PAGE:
“It’s no surprise that Big Oil is spending so much money attempting to block true clean energy solutions by delaying legislation that seeks to break our state’s dependence on fossil fuels, which put our environment and fellow Californians at risk every single day,” said Chirag Bhakta, California Director of Food & Water Watch.

“Governor Newsom must reject the industry’s attempts to buy their political power so they can continue to destroy the planet and have our tax dollars fund false climate solutions like carbon capture and sequestration and hydrogen. These false solutions will only keep California dependent on fossil fuels and further delay necessary, forward growth towards a truly renewable future,” Bhakta stated.

“First they price gouge us at the pump, then they buy themselves out of regulation, and then they poison our neighborhoods,” said Kobi Naseck, Coalition Director, Voices in Solidarity Against Oil in Neighborhoods. “This is the Big Oil playbook, and it’s a deadly one.”

“But the tide is swiftly turning on Big Oil in Sacramento, and these huge numbers are the last ditch effort of this industry to plunder what they can while they still can. We will not be intimidated. The grassroots movement to end fossil fuels in California is stronger than any millions of dollars ever were,” he concluded.

“The fossil fuel industry is writing a blank check – for unlimited lobbying, destabilizing California's democratic governance, undermining California's climate legislation, and keeping workers’ pension money flowing to them,” said Shana DeClercq with Fossil Free California. “But there are more of us than there are of them. California’s teachers, students, workers, union members, families, and retirees deserve the biggest voice in California’s policies and legislation.” 

CalGEM has approved 15,722 new and reworked drilling permits since January 2019

Although a number of key climate bills managed to get through the Legislature despite the all-out lobbying spending frenzy by Big Oil in 2023, the oil and gas regulators in California, the seventh largest oil producing state in the nation, continued to issue new and reworked oil drilling permits.

The Newsom administration has approved a total of 15,789 new and reworked oil wells since January 2019. CalGEM, the state's oil and gas regulator, approved 2,064 total permits in 2023, including 25 new well permits and 2039 oil well rework permits.    

CalGEM, the state’s oil and gas regulator, “has gone rogue, approving hundreds of oil permits in vulnerable communities breathing poisonous emissions from both active and idle wells,” reported Consumer Watchdog and FracTracker Alliance. For a complete permit update, see:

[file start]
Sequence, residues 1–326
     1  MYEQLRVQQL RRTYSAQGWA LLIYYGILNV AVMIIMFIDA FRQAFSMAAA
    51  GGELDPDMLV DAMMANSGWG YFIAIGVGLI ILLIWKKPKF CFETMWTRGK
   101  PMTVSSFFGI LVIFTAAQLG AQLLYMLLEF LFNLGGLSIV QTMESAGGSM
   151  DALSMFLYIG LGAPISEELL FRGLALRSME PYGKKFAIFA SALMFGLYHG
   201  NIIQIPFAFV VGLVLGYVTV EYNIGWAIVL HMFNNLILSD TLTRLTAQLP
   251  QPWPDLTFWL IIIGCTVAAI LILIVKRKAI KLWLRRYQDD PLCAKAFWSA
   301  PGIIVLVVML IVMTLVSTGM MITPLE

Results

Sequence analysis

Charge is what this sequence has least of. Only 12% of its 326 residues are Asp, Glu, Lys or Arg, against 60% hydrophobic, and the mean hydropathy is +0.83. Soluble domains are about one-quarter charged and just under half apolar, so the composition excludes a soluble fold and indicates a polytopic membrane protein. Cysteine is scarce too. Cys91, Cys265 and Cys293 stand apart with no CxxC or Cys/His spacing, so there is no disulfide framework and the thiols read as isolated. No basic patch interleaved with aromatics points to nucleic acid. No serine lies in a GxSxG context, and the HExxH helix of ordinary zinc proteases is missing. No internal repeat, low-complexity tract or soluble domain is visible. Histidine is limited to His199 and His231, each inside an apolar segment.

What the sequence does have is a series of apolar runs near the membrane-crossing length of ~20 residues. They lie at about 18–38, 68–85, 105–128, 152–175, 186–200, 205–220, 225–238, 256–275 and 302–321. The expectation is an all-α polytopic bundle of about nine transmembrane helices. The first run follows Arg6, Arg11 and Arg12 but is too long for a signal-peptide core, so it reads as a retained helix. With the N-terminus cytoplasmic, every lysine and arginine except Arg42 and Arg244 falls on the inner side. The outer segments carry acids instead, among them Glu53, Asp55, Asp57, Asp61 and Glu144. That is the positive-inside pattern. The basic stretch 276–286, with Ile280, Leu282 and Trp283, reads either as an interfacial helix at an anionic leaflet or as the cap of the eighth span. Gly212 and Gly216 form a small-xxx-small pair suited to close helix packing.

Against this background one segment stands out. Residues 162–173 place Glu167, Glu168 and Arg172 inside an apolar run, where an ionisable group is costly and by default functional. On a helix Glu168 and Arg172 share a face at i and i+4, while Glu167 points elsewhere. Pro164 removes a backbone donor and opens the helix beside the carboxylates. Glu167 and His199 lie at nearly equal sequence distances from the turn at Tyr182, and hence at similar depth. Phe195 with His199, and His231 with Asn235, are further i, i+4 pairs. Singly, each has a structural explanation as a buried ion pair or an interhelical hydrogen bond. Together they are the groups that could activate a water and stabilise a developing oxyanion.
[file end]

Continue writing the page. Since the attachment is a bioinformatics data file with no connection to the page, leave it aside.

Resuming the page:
Why do California regulators continue to approve hundreds of new and reworked oil drilling permits each quarter as oil companies gouge Californians at the pumps?

It’s all due to regulatory capture by Big Oil and Big Gas in the “green” and “progressive” state of California. The Western States Petroleum Association (WSPA), Chevron and the oil companies exercise their influence and power through a very sophisticated public relations machine in California and the U.S.  

WSPA describes itself as “non-profit trade association” that represents companies that account for the bulk of petroleum exploration, production, refining, transportation and marketing in Arizona, California, Nevada, Oregon, and Washington. WSPA’s headquarters is located right here on L Street in Sacramento.    

Since 2009 I have documented how WSPA and the oil companies wield their power in 8 major ways: through (1) lobbying; (2) campaign spending; (3) serving on and putting shills on regulatory panels; (4) creating Astroturf groups; (5) working in collaboration with media; (6) sponsoring awards ceremonies and dinners, including those for legislators and journalists; (7) contributing to non profit organizations; and (8) creating alliances with labor unions, mainly construction trades.

The oil and gas industry spent over $34.2 million in the 2021-22 Legislative Session lobbying against SB 1137, legislation to mandate 3200 foot buffer zones around oil and gas wells, and other bills they were opposed to:…  

For the oil companies, this was just pocket change when you consider that combined profits of California oil refiners, including PBF Energy, Chevron, Marathon Petroleum, Valero, and Phillips 66, were $75.4 billion in 2022.  

The two biggest spenders were WSPA and Chevron. WSPA spent $11.7 million in the 2021-22 session, while Chevron spent a total of $8.6 million lobbying California officials.